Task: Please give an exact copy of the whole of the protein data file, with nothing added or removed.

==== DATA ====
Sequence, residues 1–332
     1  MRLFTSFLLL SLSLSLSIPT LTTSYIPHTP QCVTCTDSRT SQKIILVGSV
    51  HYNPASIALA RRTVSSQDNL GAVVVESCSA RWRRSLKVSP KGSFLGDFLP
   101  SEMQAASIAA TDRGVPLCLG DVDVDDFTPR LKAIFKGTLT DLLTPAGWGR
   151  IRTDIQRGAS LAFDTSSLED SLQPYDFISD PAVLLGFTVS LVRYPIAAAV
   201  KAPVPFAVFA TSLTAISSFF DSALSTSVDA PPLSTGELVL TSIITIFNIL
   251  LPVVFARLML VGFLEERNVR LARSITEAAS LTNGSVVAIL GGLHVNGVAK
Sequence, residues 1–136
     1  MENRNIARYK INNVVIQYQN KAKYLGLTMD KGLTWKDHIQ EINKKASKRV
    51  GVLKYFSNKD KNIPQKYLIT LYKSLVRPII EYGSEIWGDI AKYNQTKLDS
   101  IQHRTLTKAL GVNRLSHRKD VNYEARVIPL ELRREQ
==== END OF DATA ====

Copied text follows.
Sequence, residues 1–332
     1  MRLFTSFLLL SLSLSLSIPT LTTSYIPHTP QCVTCTDSRT SQKIILVGSV
    51  HYNPASIALA RRTVSSQDNL GAVVVESCSA RWRRSLKVSP KGSFLGDFLP
   101  SEMQAASIAA TDRGVPLCLG DVDVDDFTPR LKAIFKGTLT DLLTPAGWGR
   151  IRTDIQRGAS LAFDTSSLED SLQPYDFISD PAVLLGFTVS LVRYPIAAAV
   201  KAPVPFAVFA TSLTAISSFF DSALSTSVDA PPLSTGELVL TSIITIFNIL
   251  LPVVFARLML VGFLEERNVR LARSITEAAS LTNGSVVAIL GGLHVNGVAK
Sequence, residues 1–136
     1  MENRNIARYK INNVVIQYQN KAKYLGLTMD KGLTWKDHIQ EINKKASKRV
    51  GVLKYFSNKD KNIPQKYLIT LYKSLVRPII EYGSEIWGDI AKYNQTKLDS
   101  IQHRTLTKAL GVNRLSHRKD VNYEARVIPL ELRREQ